First City Attorney Wayne Coment announced his retirement, then City Clerk Tammy Bursick was offered retirement or be fired and did neither (with help from the public and her attorney). Now City Manager Jim O’Connor has announced his retirement. The three top City officials have either retired or were almost forced out. So why? And why now?
Happy New Year? Not likely. Looking ahead, it will probably be an unusually difficult year, so this might be a good time to jump ship. But wait, Bursick wasn’t trying to jump ship. Instead she successfully resisted efforts to push her overboard. So what other reason could have precipitated these actions?
For starters, these were the three members of the City Canvassing Board. They voted unanimously to reinstate Linda Hillman and Brian Heady as candidates for City Council after they had been disqualified, drawing the ire of at least one incumbent member of the Council. At that meeting, the Canvassing Board – Coment, O’Connor and Bursick – tasked City Council with setting the date for a new election.
City Council refused. That led to a lawsuit by Hillman against the City. City Council refused to budge. That lead to Hillman seeking an injunction to put the November 6 election on hold. Judge Paul Kanarek agreed. City Council met privately and decided by a 3-2 vote to settle the lawsuit, paving the way for a new City Council election on February 26.
So back to the City Canvassing Board members who either retired or were almost forced out since all this went down. Could it be retribution for their part in the election fiasco? Or possibly it was retribution simply for reinstating Hillman and Heady, particularly Hillman, because they or she posed a threat to the current Council majority if elected?
The current Council’s actions over the past year have met with a great deal of anger from many citizens over selling or
leasing City assets against the public’s wishes. Hillman announced her candidacy back in July 2018, firmly opposed to City Council’s actions. Councilman Lange Sykes, one of the three-person majority on City Council, had announced his decision not to seek reelection, leaving the critical third person majority position open. Council members Laura Moss and Tony Young, both vocal opponents of the current three-man majority, were up for reelection. They were joined by Hillman and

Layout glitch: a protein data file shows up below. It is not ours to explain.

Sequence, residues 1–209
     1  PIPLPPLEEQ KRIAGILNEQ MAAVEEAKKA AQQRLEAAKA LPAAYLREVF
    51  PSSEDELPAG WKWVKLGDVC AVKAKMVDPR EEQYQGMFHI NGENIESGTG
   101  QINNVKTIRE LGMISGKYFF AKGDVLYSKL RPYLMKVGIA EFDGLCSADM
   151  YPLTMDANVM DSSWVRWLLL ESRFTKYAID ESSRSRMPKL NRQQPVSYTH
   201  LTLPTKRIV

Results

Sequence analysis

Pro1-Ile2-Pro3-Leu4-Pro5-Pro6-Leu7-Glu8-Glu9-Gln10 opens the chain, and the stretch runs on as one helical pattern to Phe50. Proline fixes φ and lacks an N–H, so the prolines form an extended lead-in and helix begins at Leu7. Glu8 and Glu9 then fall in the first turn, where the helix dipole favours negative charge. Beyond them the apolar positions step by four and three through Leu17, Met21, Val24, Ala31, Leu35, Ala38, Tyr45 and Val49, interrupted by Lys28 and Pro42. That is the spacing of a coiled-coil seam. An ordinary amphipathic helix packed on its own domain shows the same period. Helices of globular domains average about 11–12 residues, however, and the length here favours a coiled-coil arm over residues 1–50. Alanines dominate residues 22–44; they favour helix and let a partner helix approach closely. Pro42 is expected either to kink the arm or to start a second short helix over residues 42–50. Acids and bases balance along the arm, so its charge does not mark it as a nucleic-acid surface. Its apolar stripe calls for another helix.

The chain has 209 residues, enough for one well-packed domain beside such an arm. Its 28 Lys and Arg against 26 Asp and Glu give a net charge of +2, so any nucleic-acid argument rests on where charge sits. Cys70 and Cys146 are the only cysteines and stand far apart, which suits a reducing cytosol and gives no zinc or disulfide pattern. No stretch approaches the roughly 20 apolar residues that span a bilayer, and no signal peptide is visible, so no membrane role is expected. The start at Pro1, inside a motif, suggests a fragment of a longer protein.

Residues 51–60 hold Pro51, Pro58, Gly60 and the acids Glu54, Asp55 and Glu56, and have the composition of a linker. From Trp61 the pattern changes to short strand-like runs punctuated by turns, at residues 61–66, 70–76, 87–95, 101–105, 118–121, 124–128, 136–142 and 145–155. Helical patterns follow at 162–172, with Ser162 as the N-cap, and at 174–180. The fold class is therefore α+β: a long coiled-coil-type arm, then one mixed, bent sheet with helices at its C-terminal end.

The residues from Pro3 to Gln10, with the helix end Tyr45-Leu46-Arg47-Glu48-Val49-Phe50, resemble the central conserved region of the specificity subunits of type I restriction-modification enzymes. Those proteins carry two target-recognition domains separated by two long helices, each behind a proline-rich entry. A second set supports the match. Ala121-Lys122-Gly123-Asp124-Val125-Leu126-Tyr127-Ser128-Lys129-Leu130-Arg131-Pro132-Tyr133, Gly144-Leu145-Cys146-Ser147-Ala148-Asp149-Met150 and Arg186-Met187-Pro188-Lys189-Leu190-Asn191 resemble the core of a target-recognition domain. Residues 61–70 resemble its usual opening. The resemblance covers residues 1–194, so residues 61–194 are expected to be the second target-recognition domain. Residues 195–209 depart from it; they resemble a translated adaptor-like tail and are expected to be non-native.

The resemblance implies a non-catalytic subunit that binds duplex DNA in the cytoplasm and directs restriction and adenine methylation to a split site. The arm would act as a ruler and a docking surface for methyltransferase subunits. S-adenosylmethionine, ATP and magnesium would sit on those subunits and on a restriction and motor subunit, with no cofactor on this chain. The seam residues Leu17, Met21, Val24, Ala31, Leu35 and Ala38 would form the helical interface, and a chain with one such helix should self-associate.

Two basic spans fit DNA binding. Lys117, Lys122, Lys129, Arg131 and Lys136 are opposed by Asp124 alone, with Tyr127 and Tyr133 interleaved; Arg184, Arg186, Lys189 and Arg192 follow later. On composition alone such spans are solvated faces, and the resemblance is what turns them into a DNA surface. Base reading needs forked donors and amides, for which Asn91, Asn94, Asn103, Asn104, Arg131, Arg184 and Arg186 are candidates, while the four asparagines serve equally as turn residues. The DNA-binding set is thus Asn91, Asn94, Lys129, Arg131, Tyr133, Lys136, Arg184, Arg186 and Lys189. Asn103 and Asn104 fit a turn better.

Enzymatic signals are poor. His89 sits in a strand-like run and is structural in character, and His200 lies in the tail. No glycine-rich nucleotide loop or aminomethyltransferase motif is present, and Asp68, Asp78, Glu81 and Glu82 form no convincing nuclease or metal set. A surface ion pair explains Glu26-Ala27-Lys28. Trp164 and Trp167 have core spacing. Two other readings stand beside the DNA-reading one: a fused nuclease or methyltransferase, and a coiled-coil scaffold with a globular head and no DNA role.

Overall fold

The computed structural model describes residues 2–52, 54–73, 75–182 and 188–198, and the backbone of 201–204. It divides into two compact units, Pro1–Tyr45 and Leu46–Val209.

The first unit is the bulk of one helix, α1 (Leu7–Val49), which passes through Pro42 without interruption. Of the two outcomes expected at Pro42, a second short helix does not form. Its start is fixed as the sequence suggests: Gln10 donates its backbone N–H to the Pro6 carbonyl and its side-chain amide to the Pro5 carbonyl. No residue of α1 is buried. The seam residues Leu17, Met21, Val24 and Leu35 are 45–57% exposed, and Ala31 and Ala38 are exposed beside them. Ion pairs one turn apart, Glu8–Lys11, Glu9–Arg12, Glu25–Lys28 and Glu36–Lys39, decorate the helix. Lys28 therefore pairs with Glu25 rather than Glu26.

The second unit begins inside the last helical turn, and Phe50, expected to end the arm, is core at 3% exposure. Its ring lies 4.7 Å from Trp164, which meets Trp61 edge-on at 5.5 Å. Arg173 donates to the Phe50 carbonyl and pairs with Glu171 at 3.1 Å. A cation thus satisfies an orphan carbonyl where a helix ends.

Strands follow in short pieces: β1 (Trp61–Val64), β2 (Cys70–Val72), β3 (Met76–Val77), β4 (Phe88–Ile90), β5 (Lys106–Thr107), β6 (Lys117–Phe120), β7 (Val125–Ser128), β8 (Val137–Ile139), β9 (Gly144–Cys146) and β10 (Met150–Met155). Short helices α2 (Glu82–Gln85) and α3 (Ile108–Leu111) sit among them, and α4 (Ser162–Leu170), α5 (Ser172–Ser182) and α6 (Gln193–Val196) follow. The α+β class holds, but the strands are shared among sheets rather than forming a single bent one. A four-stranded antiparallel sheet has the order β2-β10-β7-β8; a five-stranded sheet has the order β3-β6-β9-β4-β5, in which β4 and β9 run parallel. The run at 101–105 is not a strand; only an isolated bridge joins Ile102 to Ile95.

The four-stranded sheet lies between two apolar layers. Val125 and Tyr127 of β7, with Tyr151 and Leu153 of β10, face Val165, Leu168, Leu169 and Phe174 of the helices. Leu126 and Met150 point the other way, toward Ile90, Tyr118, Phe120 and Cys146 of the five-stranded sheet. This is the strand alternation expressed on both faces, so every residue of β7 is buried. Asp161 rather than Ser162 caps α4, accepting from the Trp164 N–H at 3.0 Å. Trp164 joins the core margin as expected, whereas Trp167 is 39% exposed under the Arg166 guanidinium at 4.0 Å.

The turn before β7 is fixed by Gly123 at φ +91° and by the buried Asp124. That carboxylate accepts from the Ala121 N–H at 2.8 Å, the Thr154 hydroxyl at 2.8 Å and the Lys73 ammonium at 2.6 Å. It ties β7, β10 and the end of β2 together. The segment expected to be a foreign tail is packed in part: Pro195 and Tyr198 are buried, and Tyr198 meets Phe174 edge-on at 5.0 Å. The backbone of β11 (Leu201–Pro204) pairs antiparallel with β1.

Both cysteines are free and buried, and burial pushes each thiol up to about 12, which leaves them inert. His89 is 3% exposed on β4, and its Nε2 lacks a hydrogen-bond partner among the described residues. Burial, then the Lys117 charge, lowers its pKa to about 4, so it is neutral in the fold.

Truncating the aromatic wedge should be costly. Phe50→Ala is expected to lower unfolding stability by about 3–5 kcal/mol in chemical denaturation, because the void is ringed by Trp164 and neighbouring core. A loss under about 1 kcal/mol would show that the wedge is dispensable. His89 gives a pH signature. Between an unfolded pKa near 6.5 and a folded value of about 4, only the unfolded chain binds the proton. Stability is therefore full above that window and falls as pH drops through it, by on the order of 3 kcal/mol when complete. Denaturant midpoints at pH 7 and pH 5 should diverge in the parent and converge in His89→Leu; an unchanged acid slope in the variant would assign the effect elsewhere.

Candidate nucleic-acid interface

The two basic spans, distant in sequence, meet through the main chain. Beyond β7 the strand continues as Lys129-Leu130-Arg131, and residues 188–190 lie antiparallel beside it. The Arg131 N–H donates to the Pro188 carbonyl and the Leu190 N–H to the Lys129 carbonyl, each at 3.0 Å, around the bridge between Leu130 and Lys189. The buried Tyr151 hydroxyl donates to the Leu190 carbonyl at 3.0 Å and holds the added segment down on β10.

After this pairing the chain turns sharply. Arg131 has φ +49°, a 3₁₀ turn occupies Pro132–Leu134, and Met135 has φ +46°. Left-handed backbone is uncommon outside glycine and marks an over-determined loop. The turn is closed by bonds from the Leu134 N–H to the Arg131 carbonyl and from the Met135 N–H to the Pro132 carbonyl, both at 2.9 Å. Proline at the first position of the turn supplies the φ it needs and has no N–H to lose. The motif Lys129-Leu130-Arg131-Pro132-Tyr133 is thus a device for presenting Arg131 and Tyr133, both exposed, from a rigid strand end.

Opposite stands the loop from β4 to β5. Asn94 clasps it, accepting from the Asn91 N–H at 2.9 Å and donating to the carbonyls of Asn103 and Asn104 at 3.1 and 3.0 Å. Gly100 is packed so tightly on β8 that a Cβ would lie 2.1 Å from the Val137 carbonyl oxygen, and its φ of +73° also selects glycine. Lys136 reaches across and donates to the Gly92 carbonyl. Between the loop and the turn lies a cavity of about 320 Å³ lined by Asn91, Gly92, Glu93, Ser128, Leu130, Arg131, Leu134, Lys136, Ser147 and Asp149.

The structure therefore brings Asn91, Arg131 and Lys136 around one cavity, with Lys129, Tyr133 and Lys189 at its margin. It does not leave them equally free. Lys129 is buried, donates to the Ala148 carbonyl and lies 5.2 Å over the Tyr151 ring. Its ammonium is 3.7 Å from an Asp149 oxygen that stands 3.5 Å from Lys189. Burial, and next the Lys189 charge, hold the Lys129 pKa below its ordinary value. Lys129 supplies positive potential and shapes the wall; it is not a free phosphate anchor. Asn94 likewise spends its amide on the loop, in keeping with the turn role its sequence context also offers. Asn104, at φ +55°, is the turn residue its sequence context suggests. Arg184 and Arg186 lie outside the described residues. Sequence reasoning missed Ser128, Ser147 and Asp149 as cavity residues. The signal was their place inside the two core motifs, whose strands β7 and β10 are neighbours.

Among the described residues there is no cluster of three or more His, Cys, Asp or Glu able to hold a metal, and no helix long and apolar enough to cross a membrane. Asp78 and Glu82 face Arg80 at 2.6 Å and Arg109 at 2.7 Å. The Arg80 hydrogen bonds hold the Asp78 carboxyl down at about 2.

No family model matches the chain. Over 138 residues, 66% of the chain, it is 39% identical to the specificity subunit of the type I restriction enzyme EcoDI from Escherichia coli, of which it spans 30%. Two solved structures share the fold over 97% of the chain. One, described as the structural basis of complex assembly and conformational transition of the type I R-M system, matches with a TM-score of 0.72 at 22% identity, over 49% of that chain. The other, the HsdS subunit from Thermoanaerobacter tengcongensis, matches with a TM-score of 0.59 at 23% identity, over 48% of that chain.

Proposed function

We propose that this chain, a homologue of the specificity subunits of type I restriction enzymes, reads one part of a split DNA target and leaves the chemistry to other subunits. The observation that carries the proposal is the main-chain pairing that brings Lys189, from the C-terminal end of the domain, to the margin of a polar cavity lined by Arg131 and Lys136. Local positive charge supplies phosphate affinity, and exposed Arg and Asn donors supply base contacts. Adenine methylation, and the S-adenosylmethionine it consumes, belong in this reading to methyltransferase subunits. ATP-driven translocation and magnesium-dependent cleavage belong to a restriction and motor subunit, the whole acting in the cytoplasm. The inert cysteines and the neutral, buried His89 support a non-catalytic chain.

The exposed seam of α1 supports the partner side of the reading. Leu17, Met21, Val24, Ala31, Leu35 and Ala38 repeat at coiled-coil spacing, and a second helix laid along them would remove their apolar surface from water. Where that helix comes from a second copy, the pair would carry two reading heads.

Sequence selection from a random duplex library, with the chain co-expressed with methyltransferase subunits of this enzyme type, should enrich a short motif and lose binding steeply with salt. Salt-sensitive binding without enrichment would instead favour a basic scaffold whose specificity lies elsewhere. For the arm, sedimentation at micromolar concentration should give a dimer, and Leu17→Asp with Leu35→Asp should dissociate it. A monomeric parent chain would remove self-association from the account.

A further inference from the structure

Heady as the only candidates, with Hillman clearly opposed to the current majority’s positions. At that point it seemed as though a new City Council majority would be elected on November 6.
Facebook posts and rude comments by City Council members were directed at Hillman almost from the time she announced her candidacy. But she persisted. On Friday, September 7, the last day to qualify as a candidate, Robert McCabe and Robert Brackett announced their candidacy. On Tuesday, September 11, Hillman and Heady were disqualified from the race. They both felt their disqualification was unjustified and appealed to the City Canvassing Board to be reinstated. The Board agreed and ultimately we have a February 26 special election featuring all six candidates.
Getting back to the three City Canvassing Board members who reinstated Hillman and Heady, were they paying the ultimate price (in a political way) for upsetting what might have been an effort to eliminate the one candidate who could cost them a majority?
We may never know, but the best result from all this is the opportunity to tighten up the entire election process so it doesn’t happen again. The City Manager, City Attorney and City Clerk would be key to making these improvements. But with two of them retiring and the third on a perpetual hot seat, who will ensure these improvements are made? And do we need to worry about mischief leading up to the February 26 special election?